Prop 64’s language allows people over the age of 21 to carry and use up to one ounce, 28.3 grams, of marijuana and grow up to six plants for personal use, but until commercial sales are licensed, only those users with medical marijuana cards can legally purchase the drug.
Supporters of legalization hailed the vote as a victory for personal freedom, but law enforcement officials throughout the state opposed the move as dangerous.
“We are, of course, disappointed that the self-serving moneyed interests behind this marijuana business plan prevailed at the cost of public health, safety, and the wellbeing of our communities,” said City of Ventura Chief of Police Ken Corney, President of the California Police Chiefs Association.
And although Prop 64 legalized the use of marijuana, the new law still allows employers to choose not to hire applicants that fail a drug test or to fire marijuana users if the drug affects the quality of their work.
San Diego County Sheriff Bill Gore opposed Prop 64 and raised several concerns over the increased use of marijuana.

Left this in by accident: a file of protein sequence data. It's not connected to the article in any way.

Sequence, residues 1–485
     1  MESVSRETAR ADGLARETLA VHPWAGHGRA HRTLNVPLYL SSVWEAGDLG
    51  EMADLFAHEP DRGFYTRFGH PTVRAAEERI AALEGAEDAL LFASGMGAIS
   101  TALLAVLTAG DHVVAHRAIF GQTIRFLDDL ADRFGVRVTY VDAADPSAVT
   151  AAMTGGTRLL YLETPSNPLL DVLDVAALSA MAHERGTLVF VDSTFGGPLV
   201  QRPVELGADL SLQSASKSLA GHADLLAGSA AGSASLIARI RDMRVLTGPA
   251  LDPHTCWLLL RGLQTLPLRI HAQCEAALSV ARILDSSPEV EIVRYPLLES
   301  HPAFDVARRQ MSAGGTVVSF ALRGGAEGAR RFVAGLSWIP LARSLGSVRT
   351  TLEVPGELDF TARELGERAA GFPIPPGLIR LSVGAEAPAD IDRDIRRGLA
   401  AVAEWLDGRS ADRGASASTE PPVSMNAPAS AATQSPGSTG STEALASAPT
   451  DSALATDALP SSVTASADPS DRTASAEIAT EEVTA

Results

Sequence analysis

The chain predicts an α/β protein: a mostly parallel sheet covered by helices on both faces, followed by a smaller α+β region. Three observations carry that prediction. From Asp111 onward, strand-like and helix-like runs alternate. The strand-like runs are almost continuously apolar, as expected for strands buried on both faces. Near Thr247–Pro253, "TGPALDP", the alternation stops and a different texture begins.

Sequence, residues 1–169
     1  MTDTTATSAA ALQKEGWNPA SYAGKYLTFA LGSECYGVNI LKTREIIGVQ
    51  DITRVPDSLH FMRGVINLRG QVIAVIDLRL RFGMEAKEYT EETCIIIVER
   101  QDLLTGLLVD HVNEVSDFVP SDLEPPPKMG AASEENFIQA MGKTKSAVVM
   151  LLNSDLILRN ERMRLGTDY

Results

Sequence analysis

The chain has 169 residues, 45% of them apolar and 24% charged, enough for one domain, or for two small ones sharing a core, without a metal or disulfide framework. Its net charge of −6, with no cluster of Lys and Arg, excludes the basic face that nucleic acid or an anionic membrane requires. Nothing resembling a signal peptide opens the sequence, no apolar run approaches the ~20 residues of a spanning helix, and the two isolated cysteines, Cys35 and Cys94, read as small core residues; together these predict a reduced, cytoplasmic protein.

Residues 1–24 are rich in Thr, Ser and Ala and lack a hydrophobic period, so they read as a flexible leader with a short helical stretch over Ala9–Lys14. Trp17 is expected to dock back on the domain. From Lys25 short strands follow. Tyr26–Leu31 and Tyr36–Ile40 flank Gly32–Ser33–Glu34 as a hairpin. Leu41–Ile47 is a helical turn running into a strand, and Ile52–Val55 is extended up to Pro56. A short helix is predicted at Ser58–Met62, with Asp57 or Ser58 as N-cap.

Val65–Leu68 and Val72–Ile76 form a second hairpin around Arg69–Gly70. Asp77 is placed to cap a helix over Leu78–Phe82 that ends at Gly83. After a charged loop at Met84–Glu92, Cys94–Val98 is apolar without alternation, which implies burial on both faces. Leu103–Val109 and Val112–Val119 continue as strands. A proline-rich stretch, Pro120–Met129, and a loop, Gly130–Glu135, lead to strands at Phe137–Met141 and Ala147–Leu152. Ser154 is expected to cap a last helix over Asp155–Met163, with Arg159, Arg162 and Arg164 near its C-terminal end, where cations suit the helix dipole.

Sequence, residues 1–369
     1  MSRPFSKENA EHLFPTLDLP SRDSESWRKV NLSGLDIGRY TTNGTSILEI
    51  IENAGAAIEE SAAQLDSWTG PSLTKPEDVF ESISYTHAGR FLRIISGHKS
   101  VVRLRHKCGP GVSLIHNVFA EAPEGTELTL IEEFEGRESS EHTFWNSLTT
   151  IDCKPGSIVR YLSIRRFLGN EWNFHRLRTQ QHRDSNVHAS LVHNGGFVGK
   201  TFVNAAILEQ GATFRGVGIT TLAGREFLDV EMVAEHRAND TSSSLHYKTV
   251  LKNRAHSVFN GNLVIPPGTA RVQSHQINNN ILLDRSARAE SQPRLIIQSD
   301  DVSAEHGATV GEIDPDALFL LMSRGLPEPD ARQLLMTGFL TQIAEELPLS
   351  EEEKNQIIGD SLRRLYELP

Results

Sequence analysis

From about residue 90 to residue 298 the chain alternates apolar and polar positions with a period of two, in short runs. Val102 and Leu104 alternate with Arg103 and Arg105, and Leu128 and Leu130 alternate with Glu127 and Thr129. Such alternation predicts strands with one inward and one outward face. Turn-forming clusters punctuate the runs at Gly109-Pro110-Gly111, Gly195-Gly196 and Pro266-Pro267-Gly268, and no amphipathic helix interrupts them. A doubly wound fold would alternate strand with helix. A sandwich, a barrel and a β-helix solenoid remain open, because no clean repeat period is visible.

“There is currently no standard of impairment or tests for marijuana impairment making drugged driving convictions challenging,” Sheriff Gore said. “With the increased number of marijuana users on the road, we anticipate more drugged driving accidents and fatalities,” Gore added.
And locally, San Diego voters blocked a move by the Chargers to approve a new downtown stadium funded by higher hotel room taxes. Measure C was defeated by a vote of 43 percent  yes to 57 percent no.
Measure C was supported by the Chargers after their plan to move to Los Angeles was rejected by the NFL. Instead of negotiating with city leaders, the team gathered signatures to place the measure on the ballot to raise hotel taxes to partially fund the new stadium. But voting Measure C down does not necessarily mean the team will leave San Diego.
“Our opposition had nothing to do with the Chargers,” said April Boling, chair of the No on C campaign. “It had everything to do with their plan to raise taxes by more than $1 billion. We said from day  one we want the Chargers to remain in San Diego and that certainly has not changed,” Boling added.
Without the passage of C, the Chargers are now left with the choice of negotiating a deal with the Mayor and City Council, or trying again for a move to Los Angeles. The NFL gave the Chargers until January 15 to make a decision.
“In terms of what comes next for the Chargers, it’s just too early to give you an answer,” Dean Spanos, Present of the Chargers, wrote in an open letter released the day after the election. “We are going to diligently explore and weigh our options, and do what is needed to maintain our options, but no decision will be announced until after the football season concludes and no decision will be made in haste,” Spanos added.